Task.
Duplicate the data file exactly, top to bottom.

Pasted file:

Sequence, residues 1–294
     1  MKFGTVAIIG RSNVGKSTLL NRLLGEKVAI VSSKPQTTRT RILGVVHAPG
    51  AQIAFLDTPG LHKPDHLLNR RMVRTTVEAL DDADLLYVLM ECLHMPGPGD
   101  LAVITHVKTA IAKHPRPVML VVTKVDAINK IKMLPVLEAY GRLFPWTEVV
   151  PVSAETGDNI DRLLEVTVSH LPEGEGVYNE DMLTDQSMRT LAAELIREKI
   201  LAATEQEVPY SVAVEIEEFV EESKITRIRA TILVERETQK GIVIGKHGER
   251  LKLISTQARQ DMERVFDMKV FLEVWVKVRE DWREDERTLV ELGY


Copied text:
Sequence, residues 1–294
     1  MKFGTVAIIG RSNVGKSTLL NRLLGEKVAI VSSKPQTTRT RILGVVHAPG
    51  AQIAFLDTPG LHKPDHLLNR RMVRTTVEAL DDADLLYVLM ECLHMPGPGD
   101  LAVITHVKTA IAKHPRPVML VVTKVDAINK IKMLPVLEAY GRLFPWTEVV
   151  PVSAETGDNI DRLLEVTVSH LPEGEGVYNE DMLTDQSMRT LAAELIREKI
   201  LAATEQEVPY SVAVEIEEFV EESKITRIRA TILVERETQK GIVIGKHGER
   251  LKLISTQARQ DMERVFDMKV FLEVWVKVRE DWREDERTLV ELGY